By Simon ManchesterSunday 6 Dec 2020Christian Growth with Simon Manchester
The question that faces us in the letter is the question, is worth it to be a Christian? If you give up what Christ calls on you to give up and if you take on what Christ calls on you to take on, which will be costly, will he compensate? Is he worth it? That is a very ‘businessey’ question to ask, and it is a very reasonable question to ask, and it is a very sensible and a sincere question to ask. Is it worth it or are we fools? Because Jesus himself said ‘before you follow, use your brains’ – so think about whether it’s worth following Christ’.
If you’ve read the classic Pilgrims Progress, you’ll know that it’s a story of a man travelling from conversion to the Promised Land and there are many on the journey who give up following Christ. Some of them give up for the fact that the cost is too high. Some of them give up because the world is too alluring. Think of a character like ‘Mr Facing Both Ways’ who could never quite decide whether Christ was Lord. Some of the characters in Pilgrims Progress gave up because of doubt and unbelief.
These readers for whom this letter was written have a completely different reason for giving up and going backwards. Their reason is their old religion (Judaism) looked more reasonable. Christianity was too difficult and Judaism, their old faith, looked more reasonable.
Of course, God had put Judaism in place, and it had been going for 2000 years by the time the gospel was preached, so it is a very established and important religion. Not only that, it was more physically real. There was a temple, a priesthood, an altar and sacrifices. It was safer because it was a Government protected religion whereas this new sect called ‘Christianity’ was dangerous and it was all hanging on a man who had lived, died, gone away, and it had left behind some promises and called on his people to be people of faith.
We need to get our heads into the Hebrew tension because if we understand what the Hebrews were facing, then we will grasp a little of the wonder of the letter.
Now, of course, we are not tempted to go back to Judaism, but there are many Christians today who are tempted to give up their Christian faith and go back to their old religion. There are many people today who are choosing an easier religion than Christianity. There are many today who are picking the very inviting and powerful ‘world’ and therefore are putting on the Census – “No Religion” – how convenient.
But there are many people in the world of the Hebrews, and there are many people today who are asking why don’t we do something easy? Why don’t we do something comfortable? That’s what the writer is addressing, and he wants his readers and us as well to know that attaching ourselves to Christ is infinitely wise and infinitely worthwhile.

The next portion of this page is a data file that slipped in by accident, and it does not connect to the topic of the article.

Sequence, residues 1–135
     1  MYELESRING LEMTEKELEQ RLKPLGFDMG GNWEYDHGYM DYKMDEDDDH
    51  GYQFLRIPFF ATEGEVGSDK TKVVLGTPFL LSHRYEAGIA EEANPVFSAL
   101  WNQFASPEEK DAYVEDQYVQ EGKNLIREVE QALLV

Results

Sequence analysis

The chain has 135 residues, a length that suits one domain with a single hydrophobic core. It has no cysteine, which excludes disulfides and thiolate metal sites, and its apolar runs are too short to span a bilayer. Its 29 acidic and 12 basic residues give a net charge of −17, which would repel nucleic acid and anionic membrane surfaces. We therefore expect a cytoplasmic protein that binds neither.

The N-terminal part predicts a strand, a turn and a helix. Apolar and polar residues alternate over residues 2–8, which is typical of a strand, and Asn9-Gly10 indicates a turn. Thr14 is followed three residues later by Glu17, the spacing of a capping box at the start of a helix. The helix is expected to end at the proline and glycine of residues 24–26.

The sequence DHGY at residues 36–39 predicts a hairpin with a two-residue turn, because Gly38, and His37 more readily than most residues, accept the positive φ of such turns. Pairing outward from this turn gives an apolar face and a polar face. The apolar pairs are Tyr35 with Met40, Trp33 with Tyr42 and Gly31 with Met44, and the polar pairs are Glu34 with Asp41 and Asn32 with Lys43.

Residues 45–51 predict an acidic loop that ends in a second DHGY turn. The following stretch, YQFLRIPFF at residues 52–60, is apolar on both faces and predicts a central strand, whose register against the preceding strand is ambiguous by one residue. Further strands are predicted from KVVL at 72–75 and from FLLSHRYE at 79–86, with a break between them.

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I have a great concern for myself and a great fear for you as well. Not that Christianity will fly out of your head or that you will stop in some bodily way from doing the occasional Christian thing. My great fear is that your heart will secretly and imperceptibly attach itself to something which is perishing and then you will follow your heart. That is a great fear.
What we have seen in Hebrews so far is that the writer has told us that Jesus is God and man. Perfect as a mediator and that he is King and Saviour and that he is powerful, sympathetic and that he is able and he is willing.
You just don’t get a better person in the universe to belong to than Jesus Christ. And that’s why all the warnings are there – DON’T GIVE UP ON HIM – DON’T TURN BACK, and that’s why all the promises are there. KEEP TRUSTING HIM – that’s what Hebrews is calling us to.
As we come to chapter 7, the writer is going to do a very unusual thing. He’s going to make use of an Old Testament character called Melchizedek, and he’s going to teach us that Melchizedek is like an object lesson – pointing us to Christ who is superior and he wants us to know that Christ is superior so that we will know that he is infinitely worthwhile to trust and obey.
So I want to think of it under two headings this morning. First Melchizedek the Model (verses 1-10) and then Jesus Christ the Fulfilment (verses 11-28).
Melchizedek, the model